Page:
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Center for Health Journalism Member Blog

The Center for Health Journalism invites journalists, policy thinkers and medical professionals to share their perspectives with our diverse and interdisciplinary community. Our member blog captures a range of perspectives on health, health policy and health journalism. Interested in blogging? Reach out to editor@centerforhealthjournalism.org.

Picture of Keren Landman
How do you cover issues of transgender health with sensitivity and thoughtfulness? Journalist Keren Landman explains how she got up to speed as she first approached the beat.
Picture of Chinyere Amobi
Last week, the House narrowly passed the American Health Care Act. We've asked journalists, nonprofit leaders, and health care practitioners to share what they’re hearing from people in their cities and states.
Picture of Chinyere Amobi
During last night's Jimmy Kimmel Live! the late night host told the emotional story of his newborn son Billy, linking the story to the current debate on pre-existing conditions in Congress.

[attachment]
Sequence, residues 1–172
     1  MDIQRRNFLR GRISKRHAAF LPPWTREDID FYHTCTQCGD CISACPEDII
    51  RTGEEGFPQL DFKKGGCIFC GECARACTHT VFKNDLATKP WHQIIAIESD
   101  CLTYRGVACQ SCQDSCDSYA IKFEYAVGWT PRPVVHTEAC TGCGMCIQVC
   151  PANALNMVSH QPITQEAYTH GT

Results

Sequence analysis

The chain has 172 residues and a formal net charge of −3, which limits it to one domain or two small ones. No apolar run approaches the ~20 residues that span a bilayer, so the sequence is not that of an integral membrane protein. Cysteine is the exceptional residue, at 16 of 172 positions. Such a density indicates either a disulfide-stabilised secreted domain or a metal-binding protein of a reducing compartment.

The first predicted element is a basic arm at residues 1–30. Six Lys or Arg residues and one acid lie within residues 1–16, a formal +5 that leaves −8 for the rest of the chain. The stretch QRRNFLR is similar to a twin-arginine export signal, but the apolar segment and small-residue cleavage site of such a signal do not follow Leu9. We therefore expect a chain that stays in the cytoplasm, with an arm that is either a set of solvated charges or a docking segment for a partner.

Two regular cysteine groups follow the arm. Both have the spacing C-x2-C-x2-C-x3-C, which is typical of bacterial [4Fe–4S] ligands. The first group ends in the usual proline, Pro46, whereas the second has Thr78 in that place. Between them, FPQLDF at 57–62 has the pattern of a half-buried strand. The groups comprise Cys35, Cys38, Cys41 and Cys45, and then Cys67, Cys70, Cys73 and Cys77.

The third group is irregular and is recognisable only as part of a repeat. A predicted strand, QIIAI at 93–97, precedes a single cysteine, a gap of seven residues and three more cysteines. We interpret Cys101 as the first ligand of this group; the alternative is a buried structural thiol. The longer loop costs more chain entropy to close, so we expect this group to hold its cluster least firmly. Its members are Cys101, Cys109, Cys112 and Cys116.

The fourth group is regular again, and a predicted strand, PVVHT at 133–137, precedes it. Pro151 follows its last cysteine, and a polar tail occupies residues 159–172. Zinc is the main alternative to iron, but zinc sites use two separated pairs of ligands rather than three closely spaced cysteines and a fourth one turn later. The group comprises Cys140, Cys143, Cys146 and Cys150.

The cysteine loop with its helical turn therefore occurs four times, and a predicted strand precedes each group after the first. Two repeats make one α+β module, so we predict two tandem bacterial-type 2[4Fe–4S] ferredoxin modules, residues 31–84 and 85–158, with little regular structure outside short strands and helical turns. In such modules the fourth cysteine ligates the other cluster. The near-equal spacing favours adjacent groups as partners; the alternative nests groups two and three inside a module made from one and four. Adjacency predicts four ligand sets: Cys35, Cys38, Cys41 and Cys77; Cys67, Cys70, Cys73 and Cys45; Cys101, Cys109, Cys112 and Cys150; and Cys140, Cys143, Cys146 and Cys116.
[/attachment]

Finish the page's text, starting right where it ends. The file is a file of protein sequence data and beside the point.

Picture of Steven Weissman

In 1964 healthcare was one-third the cost of an average family’s housing and utility bills. Today, healthcare is equal to housing and utility bills.

Picture of Samuel White Swan-Perkins
In reviewing the series that I wrote for the USC Annenberg School of Journalism School of Health Journalism, it is critical to remember that it was penned during a very different political climate than the one we are currently facing in the United States. When the piece began, the Obama administrati
Picture of Robert Pearl
Overtreatment can pose a huge harm to patients, with the complications worse than the original problem at times. Consider arthroscopic surgery for knee pain.
Picture of Kellie  Schmitt
“What you’re hearing is that the pain killer problem has turned into a heroin problem,” Dr. Andrew Kolodny said. “That makes for a good story, but that isn’t really what’s going on.”
Picture of Martha Rosenberg

Despite steroid and pain-killer injections, expensive and invasive treatments like spinal fusion, disc surgery, spinal cord stimulators, nerve ablation and controversial opioid drugs, chronic pain is becoming worse in the U.S. adult population.

Picture of Martha Rosenberg

Thanks to drug safety scandals and new methods of marketing, the bloom has fallen off the pharmaceutical representatives' roses.

Picture of Josephine Valenzuela
Should medical residents still be allowed to work 28-hour shifts? One doctor recounts her exhausting, nightmarish shift in the ER as an example of what can go wrong as the hours stretch on.

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